We believe that it is important to promote an equality of conditions in education. We came to the conclusion that not all institutions perceive it in the same way. Some also do not accept that the right to education is enshrined in law. Many schools are not willing to create conditions for children with special education needs. We often face families, who are eligible for education support, but the school doesn’t take any action. It’s the end of the year, the child lacks of knowledge, but has no educational plan nor pedagogical support. The school didn’t direct the parents to the counselling facility nor used any tools at its disposal. We begin to communicate with the school, with parents and try to catch up on things and make them right. Schools often fail to fulfil legal obligations. Parents can take their child to the school counselling center for examination, however not every parent knows about this possibility. It is not the duty of the parent, but it is the duty of the school to inform the parents. The school has a duty to guarantee education. It is an indifference to support children with special needs.
Do you have some good experience with schools?
Not so often. But it doesn’t mean there is no good experience. When a school is able to support families and children with special education needs, they don’t need our help. We help when there is a problem.
Can you give me some example of what you do?
A colleague of my is working with parents and their daughter, who was so bullied in primary school, so she had to be educated individually. The consequence of the bully was a mental disorder – a form of social phobia. It became difficult to her to move independently in public space, such as travel by public transport. She also lacked social contact. But the family was unable to afford all of the home study. My colleague started tutoring their daughter, they were looking for opportunities to spend free time and chose high school. Together they applied for art school, attended an open day and started preparing for the entrance exams. The colleague is trying to show that it is not just a matter of solving the daughter's education, but it is necessary to find appropriate psychotherapeutic help for her and for the whole family.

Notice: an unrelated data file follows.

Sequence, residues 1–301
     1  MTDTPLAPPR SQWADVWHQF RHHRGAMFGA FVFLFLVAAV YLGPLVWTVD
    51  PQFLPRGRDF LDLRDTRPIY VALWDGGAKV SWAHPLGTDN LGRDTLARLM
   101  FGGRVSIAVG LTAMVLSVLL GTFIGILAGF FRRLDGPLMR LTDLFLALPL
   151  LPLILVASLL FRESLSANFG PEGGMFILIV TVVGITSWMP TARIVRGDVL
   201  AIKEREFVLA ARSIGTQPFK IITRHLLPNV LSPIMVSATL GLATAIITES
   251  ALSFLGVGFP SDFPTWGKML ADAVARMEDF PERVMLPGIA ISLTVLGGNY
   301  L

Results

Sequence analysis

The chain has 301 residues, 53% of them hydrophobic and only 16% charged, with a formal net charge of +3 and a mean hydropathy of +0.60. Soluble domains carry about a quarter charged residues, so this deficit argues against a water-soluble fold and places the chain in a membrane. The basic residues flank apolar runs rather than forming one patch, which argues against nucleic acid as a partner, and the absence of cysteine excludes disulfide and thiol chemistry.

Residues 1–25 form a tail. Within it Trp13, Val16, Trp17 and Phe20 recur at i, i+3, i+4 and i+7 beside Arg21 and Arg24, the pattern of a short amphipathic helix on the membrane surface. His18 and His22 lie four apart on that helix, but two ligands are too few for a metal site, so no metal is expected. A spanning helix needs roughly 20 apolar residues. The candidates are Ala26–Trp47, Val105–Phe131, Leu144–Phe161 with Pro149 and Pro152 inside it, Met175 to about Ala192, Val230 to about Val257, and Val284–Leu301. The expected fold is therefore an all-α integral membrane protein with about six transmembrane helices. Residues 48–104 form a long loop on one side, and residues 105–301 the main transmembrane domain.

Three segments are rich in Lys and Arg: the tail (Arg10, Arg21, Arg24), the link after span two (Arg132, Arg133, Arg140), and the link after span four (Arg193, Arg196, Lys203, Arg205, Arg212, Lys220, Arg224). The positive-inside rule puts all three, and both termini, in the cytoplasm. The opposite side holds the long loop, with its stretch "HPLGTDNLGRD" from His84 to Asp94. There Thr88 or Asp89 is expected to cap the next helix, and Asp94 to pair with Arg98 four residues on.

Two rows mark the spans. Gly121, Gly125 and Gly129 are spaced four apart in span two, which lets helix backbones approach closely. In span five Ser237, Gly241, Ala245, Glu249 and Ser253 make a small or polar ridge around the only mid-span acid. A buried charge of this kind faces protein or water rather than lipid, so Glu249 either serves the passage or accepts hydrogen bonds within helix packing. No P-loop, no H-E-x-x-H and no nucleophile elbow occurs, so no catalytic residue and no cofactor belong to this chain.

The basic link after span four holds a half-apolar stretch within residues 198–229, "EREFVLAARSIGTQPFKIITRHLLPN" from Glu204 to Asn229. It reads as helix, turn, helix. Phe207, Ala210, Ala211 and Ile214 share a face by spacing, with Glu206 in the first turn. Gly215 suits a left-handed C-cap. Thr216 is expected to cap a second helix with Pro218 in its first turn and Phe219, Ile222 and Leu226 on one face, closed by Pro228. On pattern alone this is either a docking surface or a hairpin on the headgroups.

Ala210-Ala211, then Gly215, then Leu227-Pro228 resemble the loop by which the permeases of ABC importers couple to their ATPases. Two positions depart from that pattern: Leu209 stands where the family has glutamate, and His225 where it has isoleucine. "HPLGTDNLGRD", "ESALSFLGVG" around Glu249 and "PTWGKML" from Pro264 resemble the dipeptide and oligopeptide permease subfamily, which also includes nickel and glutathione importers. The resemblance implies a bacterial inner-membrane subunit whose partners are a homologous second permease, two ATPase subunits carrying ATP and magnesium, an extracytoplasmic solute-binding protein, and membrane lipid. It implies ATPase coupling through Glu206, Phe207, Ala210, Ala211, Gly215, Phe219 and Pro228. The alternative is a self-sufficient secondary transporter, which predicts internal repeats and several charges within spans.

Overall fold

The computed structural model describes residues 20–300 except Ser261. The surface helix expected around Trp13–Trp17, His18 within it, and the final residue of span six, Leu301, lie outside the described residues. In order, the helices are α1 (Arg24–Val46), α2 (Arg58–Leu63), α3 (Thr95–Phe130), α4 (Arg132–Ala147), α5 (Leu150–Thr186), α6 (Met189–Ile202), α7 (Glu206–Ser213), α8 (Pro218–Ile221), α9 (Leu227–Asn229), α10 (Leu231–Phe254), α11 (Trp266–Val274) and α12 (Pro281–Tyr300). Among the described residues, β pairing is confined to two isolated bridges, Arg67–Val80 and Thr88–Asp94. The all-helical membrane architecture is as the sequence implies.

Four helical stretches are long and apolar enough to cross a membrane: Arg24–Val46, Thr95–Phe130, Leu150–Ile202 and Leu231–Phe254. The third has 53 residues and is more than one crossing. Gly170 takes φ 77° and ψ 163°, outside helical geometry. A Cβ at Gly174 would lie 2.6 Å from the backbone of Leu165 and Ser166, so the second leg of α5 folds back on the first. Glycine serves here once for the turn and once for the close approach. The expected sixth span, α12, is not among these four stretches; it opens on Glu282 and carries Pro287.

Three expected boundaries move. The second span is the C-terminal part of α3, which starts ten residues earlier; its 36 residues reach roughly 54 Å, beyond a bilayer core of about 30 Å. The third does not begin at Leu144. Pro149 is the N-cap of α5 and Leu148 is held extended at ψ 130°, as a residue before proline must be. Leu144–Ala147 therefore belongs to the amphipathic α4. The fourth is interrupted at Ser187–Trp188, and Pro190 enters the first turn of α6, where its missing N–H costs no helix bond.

What else is part of your work?
I represent the organization as part of the service in contact with other institutions. For example, I am a member of working groups for planning in education, primary prevention, etc. I also participate in methodological and organizational meetings. These are both administrative and organizational issues, as well as a lot of interesting experience in leading people and project management. But I miss direct work with clients. In the future I would like to extend my work time.
One World festival is taking place in Pilsen at the end of March, are you being involved?
I used to be a visitor of the festival when I studied at university. In 2016 I got the chance to be part of a festival team in Pilsen. We were planning, organising the screenings and moderation. I was even moderating the screenings at schools, that was great. I liked the enthusiasm of students. If a guest comes to the discussion after the public screening, it was a professional debate on a certain topic.
This year I am the coordinator of school screenings in Pilsen. A part of my job is co-decision about the program, moderating etc. We focus a lot on the quality of debates with school children and students after screenings.